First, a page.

Random Musings: Revisiting Leave It To Chance

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Leave it to Chance #1

Chance Falconer is a typical 14-year-old girl doing typical 14-year-old girl things. You know, hanging out at the mall; having slumber parties with her friends; playing with her pet miniature dragon, St. George; fighting monsters.

Okay, maybe she’s not that typical.

Chance lives in the community of Devil’s Echo and is the daughter of that town’s occult investigator, Lucas Falconer. A Falconer has always protected Devil’s Echo and Chance is ready to begin her training. But her father decides it’s not a job for a girl; he’ll wait until a grandson comes along and train him.

Chance is having none of that; and along with George, she gets involved in paranormal goings-on, sometimes deliberately, sometimes not.

Leave It To Chance was an excellent, but sadly short-lived all-ages series (with an obvious appeal to girls) by James Robinson and Paul Smith that ran for 13 issues, starting in 1996.

Chance is intelligent, resourceful and quick-witted. But she’s also headstrong, which more than once results in her father saying three little words:

“You did what?!”

In the first issue, Chance frees the dragon she’ll later name St. George from a cage because she doesn’t understand why her father has to return him to his own dimension; and she doesn’t like the fact that the process could kill the creature.

She also recognizes that the dragon is terrified, which is probably the tipping point in her decision. In issue two, George saves her life and the two become inseparable from that point on.

Leave it to Chance #2

In the first four-issue storyline, Chance decides to prove herself by investigating a case involving a comatose shaman and his missing 7-year-old daughter, while Lucas Falconer handles an out-of-town matter. Of course, she doesn’t mention her plans. Nor does she suspect that she’ll find herself caught up in political corruption and the return of a long-banished toad god as a means of revenge against both Devil’s Echo and the Falconer family.

In addition to being intelligent, resourceful, quick-witted and headstrong, Chance is also impetuous. As she’s attacked by the one behind all the troubles, she says to herself, “oh yeah. Now I remember. I was supposed to call for backup.”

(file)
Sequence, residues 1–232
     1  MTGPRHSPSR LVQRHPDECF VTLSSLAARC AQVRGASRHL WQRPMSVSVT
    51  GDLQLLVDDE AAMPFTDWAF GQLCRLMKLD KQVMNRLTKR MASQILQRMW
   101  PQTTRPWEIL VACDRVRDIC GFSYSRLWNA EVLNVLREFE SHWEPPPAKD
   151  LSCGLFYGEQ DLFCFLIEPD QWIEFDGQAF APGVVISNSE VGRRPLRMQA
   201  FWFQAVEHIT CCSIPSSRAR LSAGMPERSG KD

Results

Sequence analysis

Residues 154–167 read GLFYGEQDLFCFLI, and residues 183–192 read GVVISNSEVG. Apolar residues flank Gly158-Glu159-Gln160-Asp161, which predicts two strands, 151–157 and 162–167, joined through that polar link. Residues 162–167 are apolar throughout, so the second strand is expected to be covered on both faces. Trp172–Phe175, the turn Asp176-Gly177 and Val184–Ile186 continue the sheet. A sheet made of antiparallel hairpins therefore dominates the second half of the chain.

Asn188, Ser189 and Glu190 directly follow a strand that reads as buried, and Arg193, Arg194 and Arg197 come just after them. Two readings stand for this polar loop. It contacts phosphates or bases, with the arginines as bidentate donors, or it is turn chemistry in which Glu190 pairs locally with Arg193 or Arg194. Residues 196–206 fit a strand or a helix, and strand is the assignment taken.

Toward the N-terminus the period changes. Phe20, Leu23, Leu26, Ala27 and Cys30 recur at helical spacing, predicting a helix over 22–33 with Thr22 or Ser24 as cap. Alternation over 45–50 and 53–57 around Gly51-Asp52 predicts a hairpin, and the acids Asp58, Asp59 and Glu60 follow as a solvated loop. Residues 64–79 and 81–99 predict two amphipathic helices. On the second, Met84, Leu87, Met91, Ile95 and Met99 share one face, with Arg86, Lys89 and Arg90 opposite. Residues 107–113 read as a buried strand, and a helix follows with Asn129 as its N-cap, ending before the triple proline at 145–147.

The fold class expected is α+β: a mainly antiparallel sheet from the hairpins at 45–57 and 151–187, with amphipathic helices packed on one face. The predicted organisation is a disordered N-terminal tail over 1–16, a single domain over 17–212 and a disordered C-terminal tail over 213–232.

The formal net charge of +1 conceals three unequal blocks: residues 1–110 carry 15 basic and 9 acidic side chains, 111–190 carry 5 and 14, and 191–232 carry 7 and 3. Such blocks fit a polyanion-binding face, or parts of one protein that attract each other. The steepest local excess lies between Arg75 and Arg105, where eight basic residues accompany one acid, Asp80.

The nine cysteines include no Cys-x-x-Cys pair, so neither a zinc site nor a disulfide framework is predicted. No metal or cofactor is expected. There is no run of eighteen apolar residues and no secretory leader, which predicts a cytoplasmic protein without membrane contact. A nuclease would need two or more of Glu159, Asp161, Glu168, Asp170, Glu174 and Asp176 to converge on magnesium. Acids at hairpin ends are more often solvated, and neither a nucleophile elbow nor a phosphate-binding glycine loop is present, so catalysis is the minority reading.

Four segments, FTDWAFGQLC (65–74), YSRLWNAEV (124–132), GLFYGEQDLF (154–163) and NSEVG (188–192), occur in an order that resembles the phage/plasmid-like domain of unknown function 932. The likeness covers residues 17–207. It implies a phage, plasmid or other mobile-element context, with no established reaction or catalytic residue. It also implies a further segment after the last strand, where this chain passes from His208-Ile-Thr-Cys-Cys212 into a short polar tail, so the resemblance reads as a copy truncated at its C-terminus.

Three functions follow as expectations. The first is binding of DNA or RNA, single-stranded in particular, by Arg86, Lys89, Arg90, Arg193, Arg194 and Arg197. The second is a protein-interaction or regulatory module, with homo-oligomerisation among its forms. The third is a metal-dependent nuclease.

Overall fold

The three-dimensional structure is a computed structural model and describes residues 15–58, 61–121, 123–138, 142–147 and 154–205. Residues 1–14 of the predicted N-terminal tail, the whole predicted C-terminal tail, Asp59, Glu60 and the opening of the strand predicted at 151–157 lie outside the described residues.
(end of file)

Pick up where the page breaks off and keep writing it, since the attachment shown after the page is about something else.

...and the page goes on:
Chance helps save the city, but her father is not happy with her involvement and asks her what she was thinking.

“To be honest, there wasn’t a lot of the time to think. Not about the danger,” she replies.

“Apparently so.”

Soon after, Lucas Falconer decides that maybe he’s a bad influence and sends Chance away to a boarding school. No way could she get into trouble there.

He wishes.

Her first night at the school, Chance uncovers a smuggling operation being led by a pirate ghost. With help from her friends, she exposes it. And in response to her father’s, “well, what do you have to say for yourself this time?”, Chance insists that she had to investigate and that he would have done the same.

He reminds her which of them is supposed to act that way and makes her promise there will be no more monsters, ghouls, magic or danger.

“Leave that sort of thing to me.”

“I will, Daddy,” she says. “I promise.” She then silently adds, “unless I can’t help myself.”

Chance explains what happened at the school

Trouble finds Chance, even when she’s not looking for it. In issue nine, the classic horror movie monsters the Pharaoh, the Count, Man-Monster and the Howler emerge from the screen of a revival movie house into the real world. Lucas Falconer is called in to investigate. As he talks to city officials in his front hall, he says, “any little girls who might be listening in… this isn’t your affair. I expect you to stay at home.”

For her part, Chance decides to do a good deed for her friend, police officer Margo Vela, and bring her some soup while she’s on a stakeout. As Vela subsequently explains to Lucas Falconer: “She was bringing me soup. The monsters attacked. One thing led to many.”

“Yes, that seems to be my daughter’s lot in life,” he replies.

In 1997, Leave It To Chance won the Harvey Award for Best New Series and the Eisner Award for both Best New Series and Best Title Aimed at a Younger Audience. Eleven issues are collected in three trade paperbacks. They (and the individual issues) are well worth keeping an eye out for at your local comic shop.

For myself, I’m sending a Leave It To Chance collection to my cousin for her 15th birthday. I’m confident she’s gonna enjoy it.

Copyright 2014 Patrick Keating.

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